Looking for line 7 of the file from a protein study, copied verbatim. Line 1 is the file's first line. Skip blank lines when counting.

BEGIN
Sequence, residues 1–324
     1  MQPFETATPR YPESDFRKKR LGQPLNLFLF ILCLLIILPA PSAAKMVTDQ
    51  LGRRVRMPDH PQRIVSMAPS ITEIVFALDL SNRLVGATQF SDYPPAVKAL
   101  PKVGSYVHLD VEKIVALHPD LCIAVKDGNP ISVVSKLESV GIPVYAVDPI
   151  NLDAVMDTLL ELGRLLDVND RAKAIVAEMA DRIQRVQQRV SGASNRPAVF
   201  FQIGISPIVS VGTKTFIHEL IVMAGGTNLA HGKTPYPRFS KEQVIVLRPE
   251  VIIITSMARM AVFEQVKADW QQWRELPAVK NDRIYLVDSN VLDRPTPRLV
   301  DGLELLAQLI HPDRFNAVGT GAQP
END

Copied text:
   251  VIIITSMARM AVFEQVKADW QQWRELPAVK NDRIYLVDSN VLDRPTPRLV